Re: NHL is still investigating the contract of Savard, Hossa, Pronger and Luongo
posted at 8/10/2010 5:25 PM EDT
In Response to Re: NHL is still investigating the contract of Savard, Hossa, Pronger and Luongo
[QUOTE]I'm not surprised at the decision or the subsequent investigations. I wouldn't have been overly surprised to see things go the other way, either. The whole thing turns on some unsubstantiated language regarding circumventing the cap. The CBA provides no examples of what this means, and this was the basis of the NHLPA grievance as I understand it. No one knows quite what that phrase means. Block has, in effect, said that this is an example. Now the NHL is considering applying that example to the existing contracts. I think the definition of circumventing the cap should be allowing you to give more cash in player salaries than the cap and negotiated cushions allow. That's exactly what these deals allow. The Bruins are effectively deferring $3M of the cap hit on Marc Savard's salary until he's in his late 30s. If you add up the salary dollars for this Bruins roster, not including any bonuses, the total salary committed is $64.2M. If Seguin and Recchi hit their bonuses, add another $3.5M+. Add the penalties and buy outs ($2.75M+) and the Bruins could be writing payroll cheques for $70.45M, or about $11M more than the cap is supposed to allow (more like $6M with the bonus cushion, but that $5M would be carried over...). That's circumventing the intent of the cap. There's a good reason for the NHL to fight this - they've argued that X% of revenues is the mason-dixon line for a healthy league, so how can they let teams blast past that line without blinking? As for the existing contracts, I'm not sure the NHL would have won the same case with any of them as they did with Kovalchuk. The NJ deal magnifies the problem 10 fold in length, high-end pay-out, and length of the 'tail'. In other words, it's sufficiently obscene to override the vagueness of the "circumvent the cap" language. Now, though, with that precedent in hand, the NHL is in better position to reject those earlier contracts. I think it's unlikely that they do, but I can see several scenarios where it's possible. Even the Hossa deal - yes, he played a year under that deal, so not only would Chicago hve to revise his contract or lose him, they'd have to pay some kind of penalty against the cap. Finally, though, the argument would come down to two interpretations of what these contracts do: Con contract says that they seek to circumvent the cap by taking on walk-away years the team will never pay because the player will retire and therefore take a large cap hit (more than both salary and production) with him. Pro contract says look, players decline as they age, and with 35+ contract provisions, it's tricky for older but still effective veterans to get much security - and given that older vets have more established or complicated family situations, it's unfair to expect them to move year to year just to keep playing. By X age, the team and player agree that it's likely he'll be a veteran role player and not the superstar he is right now. If we were to sign 43 yr old Ilya K. for one last kick at the Cup, we probably would offer him NHL minimum and maybe some bonuses. 26 yr old Ilya accepts that on behalf of 43 yr old Ilya - that's what we agree he'll be worth. So that's what the contract will provide for. This is the same deal as escalators for emerging players, who get a raise each year because we all assume experience will make them better. So what's the big deal about doing it in reverse? We want to keep this player for 17 years. Right now, he's worth $10M, but he won't be worth that much in 17 years. We're just being realistic. In the end, I think they grandfather the existing deals and look to change the language in the CBA before next July 1 so that total salaries paid cannot exceed the cap and bonus cushion, but teams will have the flexibility to pay out different amounts in different years rather than stick with a flat average cap hit.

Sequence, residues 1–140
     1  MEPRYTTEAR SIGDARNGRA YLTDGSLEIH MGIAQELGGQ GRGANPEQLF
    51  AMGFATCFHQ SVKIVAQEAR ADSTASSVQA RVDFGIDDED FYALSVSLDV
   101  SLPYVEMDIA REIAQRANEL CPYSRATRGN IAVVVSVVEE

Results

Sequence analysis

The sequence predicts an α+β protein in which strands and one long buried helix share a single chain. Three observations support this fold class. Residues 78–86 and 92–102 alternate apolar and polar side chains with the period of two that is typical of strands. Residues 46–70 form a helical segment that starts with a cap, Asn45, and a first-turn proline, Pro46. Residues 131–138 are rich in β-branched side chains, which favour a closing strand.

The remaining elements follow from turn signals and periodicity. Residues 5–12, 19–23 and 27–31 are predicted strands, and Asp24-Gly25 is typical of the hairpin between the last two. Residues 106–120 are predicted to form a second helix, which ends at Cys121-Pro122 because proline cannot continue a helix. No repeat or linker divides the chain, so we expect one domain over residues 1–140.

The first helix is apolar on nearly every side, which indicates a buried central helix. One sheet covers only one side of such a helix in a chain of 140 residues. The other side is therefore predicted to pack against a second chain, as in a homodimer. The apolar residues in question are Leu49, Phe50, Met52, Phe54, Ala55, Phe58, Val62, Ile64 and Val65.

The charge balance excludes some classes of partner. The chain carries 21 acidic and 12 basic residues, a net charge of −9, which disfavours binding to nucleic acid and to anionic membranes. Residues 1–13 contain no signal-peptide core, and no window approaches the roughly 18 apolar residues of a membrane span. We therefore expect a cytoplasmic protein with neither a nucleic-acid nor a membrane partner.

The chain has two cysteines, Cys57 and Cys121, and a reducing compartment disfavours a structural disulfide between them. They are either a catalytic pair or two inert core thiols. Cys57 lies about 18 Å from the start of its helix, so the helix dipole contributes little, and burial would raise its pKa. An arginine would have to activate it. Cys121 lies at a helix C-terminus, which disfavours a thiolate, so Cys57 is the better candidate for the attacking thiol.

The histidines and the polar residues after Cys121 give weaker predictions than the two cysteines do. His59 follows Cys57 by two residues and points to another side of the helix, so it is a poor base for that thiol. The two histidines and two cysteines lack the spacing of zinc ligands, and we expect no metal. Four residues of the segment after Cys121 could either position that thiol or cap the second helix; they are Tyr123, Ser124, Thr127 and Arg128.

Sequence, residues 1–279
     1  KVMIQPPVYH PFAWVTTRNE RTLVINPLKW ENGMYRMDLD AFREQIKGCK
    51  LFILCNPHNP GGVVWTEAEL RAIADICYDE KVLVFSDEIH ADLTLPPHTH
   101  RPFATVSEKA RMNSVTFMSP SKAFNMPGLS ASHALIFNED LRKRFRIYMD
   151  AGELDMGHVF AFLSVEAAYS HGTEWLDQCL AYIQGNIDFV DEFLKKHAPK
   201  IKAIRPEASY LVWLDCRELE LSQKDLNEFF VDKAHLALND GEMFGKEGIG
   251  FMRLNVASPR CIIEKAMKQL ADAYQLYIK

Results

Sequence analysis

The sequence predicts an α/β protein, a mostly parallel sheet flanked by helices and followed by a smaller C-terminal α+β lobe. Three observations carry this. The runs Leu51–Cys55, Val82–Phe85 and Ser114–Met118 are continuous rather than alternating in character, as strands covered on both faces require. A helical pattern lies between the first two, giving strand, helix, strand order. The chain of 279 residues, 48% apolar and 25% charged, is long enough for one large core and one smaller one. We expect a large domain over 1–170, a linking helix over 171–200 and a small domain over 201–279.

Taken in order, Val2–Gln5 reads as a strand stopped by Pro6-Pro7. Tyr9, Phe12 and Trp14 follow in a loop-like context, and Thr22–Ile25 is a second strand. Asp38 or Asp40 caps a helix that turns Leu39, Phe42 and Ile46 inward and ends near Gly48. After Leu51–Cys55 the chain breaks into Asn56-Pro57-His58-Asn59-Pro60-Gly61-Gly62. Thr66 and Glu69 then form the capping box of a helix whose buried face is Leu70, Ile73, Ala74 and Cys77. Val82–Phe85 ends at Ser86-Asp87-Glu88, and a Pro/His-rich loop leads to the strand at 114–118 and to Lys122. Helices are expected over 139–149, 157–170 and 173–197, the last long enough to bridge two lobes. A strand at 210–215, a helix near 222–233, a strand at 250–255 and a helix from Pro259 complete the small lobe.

Posted by Bookboy007[/QUOTE]
Just got home to read you analysis, I would agree with DrCC the Lamirello-Kovy contract was deliberate at this point. I have the CBA on my desktop and failed to see that the NHL can review existing contracts. Supreme Court decision Dartmouth vs. NH established the fact contracts are legal even under differing constitutional bylaws. I am not a constitutional lawyer but I would believe the provision allowing the NHL to review existing contracts is illegal or unconstitutional. if not it would be a jurisdicational nightmare. Grandfathering the existing contracts is the only way to legally handle the matter under that thinking. As for the arbitrary 40 year old standard for Savard, well, I don't buy it. Savard's contract circumvents the intent of the cap. The age is arbitrary! I am beginning to think like DrCC that this was an attempt by the league to establish a boundary of contract lengths before the next CBA. Personally, no contract should be longer than 5 years. The amount of the contract though should also not be limited. The cap was instituted for the owners/GMs to live with a budget. If these people cannot balance their budget with the current revenue sharing system of the NHL then let Phoenix go to Hamilton!